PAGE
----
Give Up Being Right

My friend and mentor, Ken Blanchard, offers leaders countless bits of wisdom. Among my favorites is “Give up being right. You will end up dead right”. Returning to his original One Minute Manager best seller, Ken is constantly preaching that it is about being aware of and “praising” others for being right that develops “winners.” He calls it “catching them doing something right.” He firmly believes that those “People who feel good about themselves produce good results.”

Seems easy. It’s pleasant to do. So, why is this relatively rare in the workplace? I have several theories.
First, the traditional role of the supervisor, often embedded in the less-than-useful annual evaluation process, focuses on finding faults and defining in detail what should be done to improve performance. More praise and a higher score in the annual evaluation will likely get you labeled as soft or ineffective. After all, not everyone can be
good at what they do (rather curious theory)!

Another contributor is that high performers (not necessarily those with the aptitude to manage people well) got there by tightly controlling what they do, defining just how it should be done to get the best result. They believe strongly in the methods they deploy to get to top performer status. They believe their way is the best or only way to accomplish something. In short, THEY ARE RIGHT! And they want you to apply their methods vs. find your way to strategies that work for you to produce the intended result.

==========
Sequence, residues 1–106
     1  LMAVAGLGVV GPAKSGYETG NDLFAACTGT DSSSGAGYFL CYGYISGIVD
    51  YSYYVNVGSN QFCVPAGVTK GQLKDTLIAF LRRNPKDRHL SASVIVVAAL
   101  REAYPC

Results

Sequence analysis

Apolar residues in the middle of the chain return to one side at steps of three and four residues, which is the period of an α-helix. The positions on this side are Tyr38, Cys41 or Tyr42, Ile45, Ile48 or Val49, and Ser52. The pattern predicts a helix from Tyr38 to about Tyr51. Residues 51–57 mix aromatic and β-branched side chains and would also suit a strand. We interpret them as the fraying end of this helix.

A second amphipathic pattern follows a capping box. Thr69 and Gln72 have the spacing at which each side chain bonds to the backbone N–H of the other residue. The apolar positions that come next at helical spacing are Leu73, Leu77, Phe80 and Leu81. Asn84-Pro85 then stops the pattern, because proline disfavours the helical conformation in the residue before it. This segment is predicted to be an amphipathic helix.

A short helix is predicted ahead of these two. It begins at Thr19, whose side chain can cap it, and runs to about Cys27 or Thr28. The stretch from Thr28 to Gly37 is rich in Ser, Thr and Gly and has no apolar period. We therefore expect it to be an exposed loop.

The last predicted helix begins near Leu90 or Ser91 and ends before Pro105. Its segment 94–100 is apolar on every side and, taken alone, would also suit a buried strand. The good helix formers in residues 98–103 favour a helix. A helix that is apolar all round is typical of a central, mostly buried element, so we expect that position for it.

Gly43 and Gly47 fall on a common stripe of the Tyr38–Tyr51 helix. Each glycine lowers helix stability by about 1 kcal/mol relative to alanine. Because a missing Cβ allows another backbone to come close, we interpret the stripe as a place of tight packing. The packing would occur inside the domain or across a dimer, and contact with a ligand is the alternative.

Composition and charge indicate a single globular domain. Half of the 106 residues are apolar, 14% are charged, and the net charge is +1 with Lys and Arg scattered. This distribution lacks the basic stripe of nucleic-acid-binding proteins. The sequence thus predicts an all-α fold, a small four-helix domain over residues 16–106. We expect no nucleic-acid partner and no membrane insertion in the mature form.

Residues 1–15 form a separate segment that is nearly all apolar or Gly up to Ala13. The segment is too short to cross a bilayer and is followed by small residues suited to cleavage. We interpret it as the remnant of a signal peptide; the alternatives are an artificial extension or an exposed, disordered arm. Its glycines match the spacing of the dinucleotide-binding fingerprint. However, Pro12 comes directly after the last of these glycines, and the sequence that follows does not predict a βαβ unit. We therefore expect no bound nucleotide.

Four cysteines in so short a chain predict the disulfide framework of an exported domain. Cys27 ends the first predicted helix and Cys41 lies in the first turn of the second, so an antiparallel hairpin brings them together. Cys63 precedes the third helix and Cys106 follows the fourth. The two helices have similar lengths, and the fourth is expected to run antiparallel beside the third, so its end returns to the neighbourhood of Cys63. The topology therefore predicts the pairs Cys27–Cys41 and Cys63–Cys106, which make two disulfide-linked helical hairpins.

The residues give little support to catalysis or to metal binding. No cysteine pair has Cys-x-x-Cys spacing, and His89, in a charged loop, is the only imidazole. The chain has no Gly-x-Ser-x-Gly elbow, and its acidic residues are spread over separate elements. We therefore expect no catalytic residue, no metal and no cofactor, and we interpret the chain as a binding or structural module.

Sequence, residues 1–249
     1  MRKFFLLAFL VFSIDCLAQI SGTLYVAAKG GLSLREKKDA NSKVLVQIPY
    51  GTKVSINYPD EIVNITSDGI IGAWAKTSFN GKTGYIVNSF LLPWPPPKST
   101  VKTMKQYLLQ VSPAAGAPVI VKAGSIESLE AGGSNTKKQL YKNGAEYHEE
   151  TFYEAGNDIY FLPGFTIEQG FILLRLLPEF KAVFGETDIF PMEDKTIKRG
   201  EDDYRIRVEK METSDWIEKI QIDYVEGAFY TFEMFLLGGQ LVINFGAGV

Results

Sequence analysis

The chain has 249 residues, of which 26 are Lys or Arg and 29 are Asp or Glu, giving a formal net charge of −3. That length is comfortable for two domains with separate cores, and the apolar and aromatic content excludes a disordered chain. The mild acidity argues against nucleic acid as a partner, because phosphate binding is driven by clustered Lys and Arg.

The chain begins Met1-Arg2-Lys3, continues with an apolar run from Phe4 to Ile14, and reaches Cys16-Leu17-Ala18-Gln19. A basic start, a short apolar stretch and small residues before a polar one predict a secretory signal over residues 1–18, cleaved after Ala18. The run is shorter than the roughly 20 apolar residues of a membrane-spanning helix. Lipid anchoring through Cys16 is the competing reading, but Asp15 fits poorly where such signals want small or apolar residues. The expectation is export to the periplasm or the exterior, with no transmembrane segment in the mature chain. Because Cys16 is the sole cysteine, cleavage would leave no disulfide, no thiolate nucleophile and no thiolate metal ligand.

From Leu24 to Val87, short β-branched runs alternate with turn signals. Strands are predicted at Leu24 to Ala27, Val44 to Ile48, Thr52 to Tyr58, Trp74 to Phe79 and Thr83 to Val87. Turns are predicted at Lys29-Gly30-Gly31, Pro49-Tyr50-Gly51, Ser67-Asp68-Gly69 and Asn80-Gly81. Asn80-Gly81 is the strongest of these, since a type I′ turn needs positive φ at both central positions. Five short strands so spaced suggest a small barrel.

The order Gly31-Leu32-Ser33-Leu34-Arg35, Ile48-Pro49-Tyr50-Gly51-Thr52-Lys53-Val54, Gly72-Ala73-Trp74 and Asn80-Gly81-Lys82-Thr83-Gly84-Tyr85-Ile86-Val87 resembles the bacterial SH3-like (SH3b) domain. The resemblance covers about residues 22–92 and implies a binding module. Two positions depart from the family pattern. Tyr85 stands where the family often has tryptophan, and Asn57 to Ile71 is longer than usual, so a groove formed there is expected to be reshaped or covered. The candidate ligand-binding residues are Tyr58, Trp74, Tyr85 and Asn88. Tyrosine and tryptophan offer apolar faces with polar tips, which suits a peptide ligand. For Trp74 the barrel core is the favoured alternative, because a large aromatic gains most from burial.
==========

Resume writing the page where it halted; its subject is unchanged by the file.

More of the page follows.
Blanchard’s view is that the process of developing winners is somewhat different. The process has four steps as follows:

1. Tell them what to do (make responsibilities and expectations on those responsibilities clear)
2. Show them (if they are not familiar)
3. Let them try
4. If they get it close to right, PRAISE THEM; if not, redirect or repeat step #1

The key here is praising if close to right. It is about them feeling good about themselves rather than reinforcing how you believe it should be done. This is challenging for those who think they have found the best way to accomplish something. And that applies to most peak performers.
What about the other end of the statement, the part about “you will end up dead right.” Ken alludes that not acknowledging your team members; progress slows their journey to high performance. It stifles their willingness to innovate or to volunteer to take on new challenges. It leads to the supervisor being labeled a “bad boss,” which research shows contributes to more than 75% of unwanted turnover. So, you end up right, but you are dead because your team is not improving, and you may be suffering high turnover. A high price to pay for hanging on to being right.
I ask managers I am coaching who struggle with this, “What’s the worst thing that could happen letting ____ have a try and see what happens?” Commonly, the only answer is “Well, then I am not right” or the expert. Give up your need for both and focus on the needs of those working for you to be right. This is how the road to the full potential of your team is paved.
As always, reinforcing the wins of your team members and building their confidence begins with getting them to “yes” on the 7 Questions. They have to have clarity on the destination, the standard for winning and the feedback and resources to make it happen.

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